The hedgerows are filled with creamy elderflowers. It’s time to forage! Choose elderflower heads that are in full blossom and at their most fragrant to make delicious drinks, skin care and preserves.
I’ve been busy in the kitchen making elderflower champagne, liqueur, vinegar, sugar, oil and dried elderflowers too. Here are the recipes.
I have a huge tree at the bottom of my garden but it is behind a compost heap and difficult to reach and so I collect my blossom from Charles’ garden at Homeacres (pictured) or the hedges around my allotments. If you can, try to collect your flowers from areas without too much traffic pollution and above the “wee line”. (Imagine a passing wild animal or dog passing by and needing a wee – so picking 60cm or so above the ground should be ok.) Choose elderflower heads with open flowers and no brown bits. Check carefully for blackfly and other bugs.
Tip! If you are not familiar with elder trees, do get someone who is to come on your forage with you. The tree has a very distinctive smell – the flowers are gorgeous, the leaves and bark not so much (can smell a bit like stale cat wee) – but there are other frothy white flowers in the hedgerows at this time of year and some of them are toxic.
I have a little potted pink flowering elder in my back garden too, but it is still a bit too small to produce many flower heads.
It’s worth leaving your collected flowerheads for half an hour or so, if you can, to allow any hitchhikers to crawl away. Can you see them on the side of this bucket?!
In all of these recipes I have removed the blossom from the stalks with my fingers.
This recipe is based on one in this old book, which I have had for decades. Each recipe is by a different reader of The Farmers Weekly in 1955 – this one by Mrs Hall from Austwick, Lancaster. My copy was published in 1976 and I bought it from a charity shop in the early 1980s.
1 gallon / 4.55 litres water
1 1/4 lb/ 570g sugar
12 heads elderflowers blossoms
1 lemon sliced
2 tbsp white wine vinegar
Boil the water and pour into a fermentation bucket. Add the sugar and stir until dissolved. Leave to cool.
Add the flowers, slices of lemon and wine vinegar and stir. Replace the lid and leave for a week, stirring daily. Elderflowers have their own natural wild yeasts but if after 4 days the wine hasn’t started to ferment, add a packet of champagne yeast to get things moving.
After a week, strain the wine through muslin into a large clean container. Cover with a damp tea towel and leave for a few hours for the sediment to settle.
Syphon off into strong champagne style bottles or plastic bottles (clean recycled ones) and cork. It will be ready to drink in a week.
**Put the bottles in a secure place, they can be very explosive! Inside a box in a shed, or in the cupboard under the stairs, so that if they explode it doesn’t go everywhere. If you are using screw tops, check every day and release the pressure slightly.**
1 litre vodka
20 heads elderflowers
1 lemon, zest
Remove the zest from the lemon with a microplane or zester. (Tip: if you are not going to use the rest of the lemon soon, slice it up and pop it in the freezer. It makes lovely lemon ‘ice cubes’ for summer drinks.
Place the blossoms in a large jar ….
and add the sugar and lemon zest.
Pour over the vodka.
Stir and replace the lid. (This jar is a bit too big for the job!)
Shake daily for two weeks and then place in a cool dark place to infuse for at least two months.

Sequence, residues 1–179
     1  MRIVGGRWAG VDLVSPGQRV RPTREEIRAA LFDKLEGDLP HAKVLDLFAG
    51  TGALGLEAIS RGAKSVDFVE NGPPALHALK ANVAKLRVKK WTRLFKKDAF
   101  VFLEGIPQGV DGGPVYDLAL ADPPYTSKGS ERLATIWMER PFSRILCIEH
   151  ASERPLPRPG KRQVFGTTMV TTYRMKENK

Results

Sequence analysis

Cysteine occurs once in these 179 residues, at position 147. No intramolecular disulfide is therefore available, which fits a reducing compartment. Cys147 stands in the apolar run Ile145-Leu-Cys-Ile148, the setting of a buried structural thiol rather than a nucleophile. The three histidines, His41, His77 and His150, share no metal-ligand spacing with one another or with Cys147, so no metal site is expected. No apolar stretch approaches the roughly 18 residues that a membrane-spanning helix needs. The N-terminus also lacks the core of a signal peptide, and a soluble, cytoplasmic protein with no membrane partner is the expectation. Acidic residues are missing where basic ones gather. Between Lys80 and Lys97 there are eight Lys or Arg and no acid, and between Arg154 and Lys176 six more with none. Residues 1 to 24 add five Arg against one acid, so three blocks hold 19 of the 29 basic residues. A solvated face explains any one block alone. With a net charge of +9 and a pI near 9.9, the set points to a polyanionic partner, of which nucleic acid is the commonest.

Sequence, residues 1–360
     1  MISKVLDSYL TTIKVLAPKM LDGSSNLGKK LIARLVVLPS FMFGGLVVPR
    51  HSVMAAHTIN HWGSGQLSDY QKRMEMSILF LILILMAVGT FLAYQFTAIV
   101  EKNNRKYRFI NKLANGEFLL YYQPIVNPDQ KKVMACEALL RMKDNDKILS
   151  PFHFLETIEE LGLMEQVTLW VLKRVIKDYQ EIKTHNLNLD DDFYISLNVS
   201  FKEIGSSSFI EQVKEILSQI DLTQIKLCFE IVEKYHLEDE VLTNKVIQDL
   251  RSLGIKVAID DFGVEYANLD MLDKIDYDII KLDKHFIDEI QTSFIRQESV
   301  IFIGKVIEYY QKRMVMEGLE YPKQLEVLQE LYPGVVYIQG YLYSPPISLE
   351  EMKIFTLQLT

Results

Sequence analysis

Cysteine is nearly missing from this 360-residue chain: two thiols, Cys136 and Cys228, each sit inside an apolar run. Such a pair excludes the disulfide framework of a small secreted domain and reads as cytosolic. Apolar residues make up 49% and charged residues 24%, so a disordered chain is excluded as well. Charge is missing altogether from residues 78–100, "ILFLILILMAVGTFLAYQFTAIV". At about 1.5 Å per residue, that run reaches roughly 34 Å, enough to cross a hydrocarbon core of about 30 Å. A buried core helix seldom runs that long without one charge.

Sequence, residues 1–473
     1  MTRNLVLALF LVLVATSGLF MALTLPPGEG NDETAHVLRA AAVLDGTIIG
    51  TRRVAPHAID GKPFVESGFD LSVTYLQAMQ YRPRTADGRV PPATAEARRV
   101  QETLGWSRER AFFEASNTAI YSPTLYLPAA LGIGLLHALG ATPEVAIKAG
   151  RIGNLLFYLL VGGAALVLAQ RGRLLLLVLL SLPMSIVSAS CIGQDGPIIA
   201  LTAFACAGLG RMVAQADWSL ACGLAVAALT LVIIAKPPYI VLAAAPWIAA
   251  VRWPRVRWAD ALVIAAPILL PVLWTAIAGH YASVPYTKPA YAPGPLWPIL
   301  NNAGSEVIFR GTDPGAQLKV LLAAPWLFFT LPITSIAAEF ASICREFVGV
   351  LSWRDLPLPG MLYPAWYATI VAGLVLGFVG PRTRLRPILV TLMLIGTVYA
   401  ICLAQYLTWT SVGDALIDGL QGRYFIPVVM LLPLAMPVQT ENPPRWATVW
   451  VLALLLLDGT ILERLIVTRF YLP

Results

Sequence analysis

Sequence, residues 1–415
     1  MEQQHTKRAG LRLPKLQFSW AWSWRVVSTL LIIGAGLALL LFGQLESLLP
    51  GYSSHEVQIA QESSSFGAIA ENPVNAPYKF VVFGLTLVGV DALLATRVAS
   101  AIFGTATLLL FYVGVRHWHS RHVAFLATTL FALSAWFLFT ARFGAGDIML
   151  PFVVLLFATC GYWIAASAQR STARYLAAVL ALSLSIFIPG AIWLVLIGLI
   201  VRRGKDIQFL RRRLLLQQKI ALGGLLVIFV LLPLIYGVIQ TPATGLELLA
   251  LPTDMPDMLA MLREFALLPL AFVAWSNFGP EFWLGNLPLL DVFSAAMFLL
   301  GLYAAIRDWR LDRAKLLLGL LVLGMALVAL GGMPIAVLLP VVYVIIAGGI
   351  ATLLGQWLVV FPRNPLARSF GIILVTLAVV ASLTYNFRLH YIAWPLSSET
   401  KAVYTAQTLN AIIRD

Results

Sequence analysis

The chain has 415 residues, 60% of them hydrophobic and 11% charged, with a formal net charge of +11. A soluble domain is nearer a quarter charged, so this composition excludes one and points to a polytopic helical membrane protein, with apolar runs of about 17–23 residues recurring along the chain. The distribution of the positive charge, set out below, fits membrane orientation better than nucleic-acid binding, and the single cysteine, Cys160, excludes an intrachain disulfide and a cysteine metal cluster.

Strain through a muslin lined sieve and pour into clean, labelled bottles.
Alternatively, use gin or white rum.
This delicious vinegar can be used to make salad dressings, as a cordial (with something sweet added: sugar, agave, maple syrup, honey) and in home-made cosmetics including hair rinses and skin splashes.
12 heads elderflowers
500 ml white wine or champagne vinegar
This is so simple. Just put the elderflowers and vinegar in a jar, replace the lid and shake. Allow the vinegar to infuse for two weeks, sharing daily then strain through a sieve lined with muslin or a jelly bag and pour into a clean, labelled bottle.
You can use cider vinegar if you prefer. To make a skin toner, use the same method but replace the vinegar with witch hazel.
1 part elderflowers
3 parts (I used half olive and half grapeseed)
Place your elderflowers in a jar. Fill with approximately 3 times as much oil. It doesn’t have to be exact, but if you prefer weigh the elderflowers and measure out three times that quantity of oil.
Stir and place something on top to help keep the elderflowers submerged, such as a plastic canning lid.
Leave in a cool dark place for 2-3 weeks. Strain through a muslin lined sieve and pour into a clean labelled jar.
The oil can be used in the kitchen, but I mainly make it to make soaps, salves and other body products. Elderflower oil is soothing, anti-inflammatory and kind to the skin.
You will need:
Simply layer sugar and elderflower blossoms in a jar. When full, stir and replace the lid. Leave for two weeks, stirring occasionally to break up any lumps.
This sugar is delicious in baking, as a topping and to fragrantly sweeten beverages.
I still had some elderflower heads left, so I lined a blue plastic mushroom crate with a clean tea towel, spread the blossom over the base and popped it in the airing cupboard. It will take a week or two to dry.
When the blossoms are quite dry, pour into a clean labelled jar.
Use to make elderflower tea or infusions for homemade skin care products.
At the weekend, I plan to gather more elderflowers and make some elderflower wine and cordial! I noticed that the meadowsweet will soon be in full blossom so shall be picking that soon, too.
There are many recipes like these in my new book, The Creative Kitchen, which will be published later this year and also in No Dig Organic Home and Garden